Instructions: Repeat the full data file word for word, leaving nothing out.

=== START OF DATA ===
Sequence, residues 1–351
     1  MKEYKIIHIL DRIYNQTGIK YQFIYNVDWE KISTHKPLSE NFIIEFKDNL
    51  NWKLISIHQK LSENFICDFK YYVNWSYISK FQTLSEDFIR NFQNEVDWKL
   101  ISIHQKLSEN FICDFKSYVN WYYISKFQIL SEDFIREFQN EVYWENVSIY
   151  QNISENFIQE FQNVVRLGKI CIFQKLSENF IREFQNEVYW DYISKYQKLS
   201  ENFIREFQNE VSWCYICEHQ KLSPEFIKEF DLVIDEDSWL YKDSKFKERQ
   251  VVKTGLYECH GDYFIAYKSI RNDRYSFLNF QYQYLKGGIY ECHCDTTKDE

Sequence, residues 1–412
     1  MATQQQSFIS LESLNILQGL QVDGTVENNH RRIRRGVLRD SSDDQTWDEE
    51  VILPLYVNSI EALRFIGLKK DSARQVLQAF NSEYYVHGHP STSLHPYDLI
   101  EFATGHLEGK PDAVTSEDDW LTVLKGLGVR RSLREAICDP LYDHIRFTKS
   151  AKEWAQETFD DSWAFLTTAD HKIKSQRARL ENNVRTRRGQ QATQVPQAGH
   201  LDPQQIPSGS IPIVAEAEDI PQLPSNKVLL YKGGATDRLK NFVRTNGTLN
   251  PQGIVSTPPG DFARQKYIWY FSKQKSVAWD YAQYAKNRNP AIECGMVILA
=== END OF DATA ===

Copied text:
Sequence, residues 1–351
     1  MKEYKIIHIL DRIYNQTGIK YQFIYNVDWE KISTHKPLSE NFIIEFKDNL
    51  NWKLISIHQK LSENFICDFK YYVNWSYISK FQTLSEDFIR NFQNEVDWKL
   101  ISIHQKLSEN FICDFKSYVN WYYISKFQIL SEDFIREFQN EVYWENVSIY
   151  QNISENFIQE FQNVVRLGKI CIFQKLSENF IREFQNEVYW DYISKYQKLS
   201  ENFIREFQNE VSWCYICEHQ KLSPEFIKEF DLVIDEDSWL YKDSKFKERQ
   251  VVKTGLYECH GDYFIAYKSI RNDRYSFLNF QYQYLKGGIY ECHCDTTKDE

Sequence, residues 1–412
     1  MATQQQSFIS LESLNILQGL QVDGTVENNH RRIRRGVLRD SSDDQTWDEE
    51  VILPLYVNSI EALRFIGLKK DSARQVLQAF NSEYYVHGHP STSLHPYDLI
   101  EFATGHLEGK PDAVTSEDDW LTVLKGLGVR RSLREAICDP LYDHIRFTKS
   151  AKEWAQETFD DSWAFLTTAD HKIKSQRARL ENNVRTRRGQ QATQVPQAGH
   201  LDPQQIPSGS IPIVAEAEDI PQLPSNKVLL YKGGATDRLK NFVRTNGTLN
   251  PQGIVSTPPG DFARQKYIWY FSKQKSVAWD YAQYAKNRNP AIECGMVILA